For quite some time now Opera has been accused of being too obtrusive in its use of dialog boxes. Every last one of them was modal, and on some websites which made use of dialog boxes a lot it could get quite old. Opera’s finally solved that with its change to using non-modal dialogs. However, from looking at this screenshot you can’t tell whether it’s modal or not as it looks identical to many modal dialogs on the system. In fact, if Opera didn’t even tell us I probably wouldn’t even realize I could navigate to another tab while the dialog box is open because I’m so used to being restricted.
The second image above shows the same exact dialog box in Windows, and it’s completely obvious that it’s non-modal from the way it behaves and looks. I believe Opera should have done something like that on the Macintosh build, and if I remember correctly it did at one point during the development process. It wouldn’t look entirely native; nonetheless, there are instances where it’s best and recommended to deviate, and I believe this is one of those instances.
opera:cache in the address bar the user is shown a location in which it’s possible to peruse their cache. Other browsers have had this for ages, and Opera’s no exception. Prior to this release
opera:cache was just a simple listing of files in the cache. It wasn’t that robust, but it worked well for what it did. In its present form it’s almost completely useless. The entire process of viewing the cache with it is counter-intuitive. By checking boxes and typing numbers in the form at the top it would be expected that by doing so the list at the bottom would automatically change to your specifications; it does not. Clicking on a list hyperlink for a particular domain is required, and then a separate page is opened with that content which depending on what criteria was selected might indeed contain nothing and be a complete waste of time. Everything should just be done within that page, and searching for particular filetypes should be able to be done without having to know what domain the files come from. It’s cumbersome, and to be frank it’s rather retarded in how it works. The old simple listing was actually more functional than this.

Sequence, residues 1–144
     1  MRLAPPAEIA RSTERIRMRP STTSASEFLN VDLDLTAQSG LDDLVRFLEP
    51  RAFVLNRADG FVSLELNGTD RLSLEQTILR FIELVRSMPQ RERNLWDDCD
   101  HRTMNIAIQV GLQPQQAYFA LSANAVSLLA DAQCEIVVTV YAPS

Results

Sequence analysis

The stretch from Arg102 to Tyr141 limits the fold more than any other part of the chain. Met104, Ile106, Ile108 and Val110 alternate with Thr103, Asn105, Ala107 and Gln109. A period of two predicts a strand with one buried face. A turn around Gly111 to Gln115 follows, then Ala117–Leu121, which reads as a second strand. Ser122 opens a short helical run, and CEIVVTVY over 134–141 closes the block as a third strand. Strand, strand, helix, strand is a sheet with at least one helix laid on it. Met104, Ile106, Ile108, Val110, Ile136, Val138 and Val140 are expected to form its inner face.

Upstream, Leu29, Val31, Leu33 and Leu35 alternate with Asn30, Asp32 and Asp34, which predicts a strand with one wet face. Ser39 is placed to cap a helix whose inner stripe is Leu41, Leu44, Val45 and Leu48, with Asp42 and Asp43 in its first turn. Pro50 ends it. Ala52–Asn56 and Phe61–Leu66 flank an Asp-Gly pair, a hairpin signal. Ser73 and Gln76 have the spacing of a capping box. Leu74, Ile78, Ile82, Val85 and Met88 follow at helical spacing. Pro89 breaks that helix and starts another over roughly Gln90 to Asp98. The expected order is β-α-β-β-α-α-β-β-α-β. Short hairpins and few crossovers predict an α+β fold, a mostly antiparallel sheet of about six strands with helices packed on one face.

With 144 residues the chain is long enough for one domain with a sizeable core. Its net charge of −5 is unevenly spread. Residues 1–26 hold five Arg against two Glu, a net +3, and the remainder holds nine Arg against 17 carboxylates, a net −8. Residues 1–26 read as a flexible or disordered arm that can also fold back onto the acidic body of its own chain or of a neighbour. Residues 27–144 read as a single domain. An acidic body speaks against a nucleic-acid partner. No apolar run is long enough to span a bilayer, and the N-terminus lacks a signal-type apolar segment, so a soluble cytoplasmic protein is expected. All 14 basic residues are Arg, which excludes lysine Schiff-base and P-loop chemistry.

Like with private browsing and inline search widgets weren’t an original concept invented by Opera either. It’s actually the first one to go about it the right way, submitting and working on a widget standard with the W3C. Doing such creates a standard in which anyone can follow, meaning widgets created for Opera’s widget engine could some day work in a different browser or application which also follows the standard. This is quite unlike what we find today with Yahoo! Widgets and Apple’s Dashboard which have their own separate ways of doing things.
Prior to Opera 10.5 widgets ran while Opera itself was open. It was interesting, but it wasn’t all that useful in my opinion. I use Dashboard for simple stuff such as weather, delivery status, and the yellow pages. Dashboard might be proprietary, but it’s always there — available at the press of a button. Now Opera Widgets run as standalone applications and are installed in the Applications folder with everything else. This means that entire Web apps can be created and ran as widgets instead of relegating widgets to being little simple information gatherers.
Opera now has support for HTML5
video elements. WAV and Ogg Vorbis are supported for
audio while Ogg Theora is the only thing supported for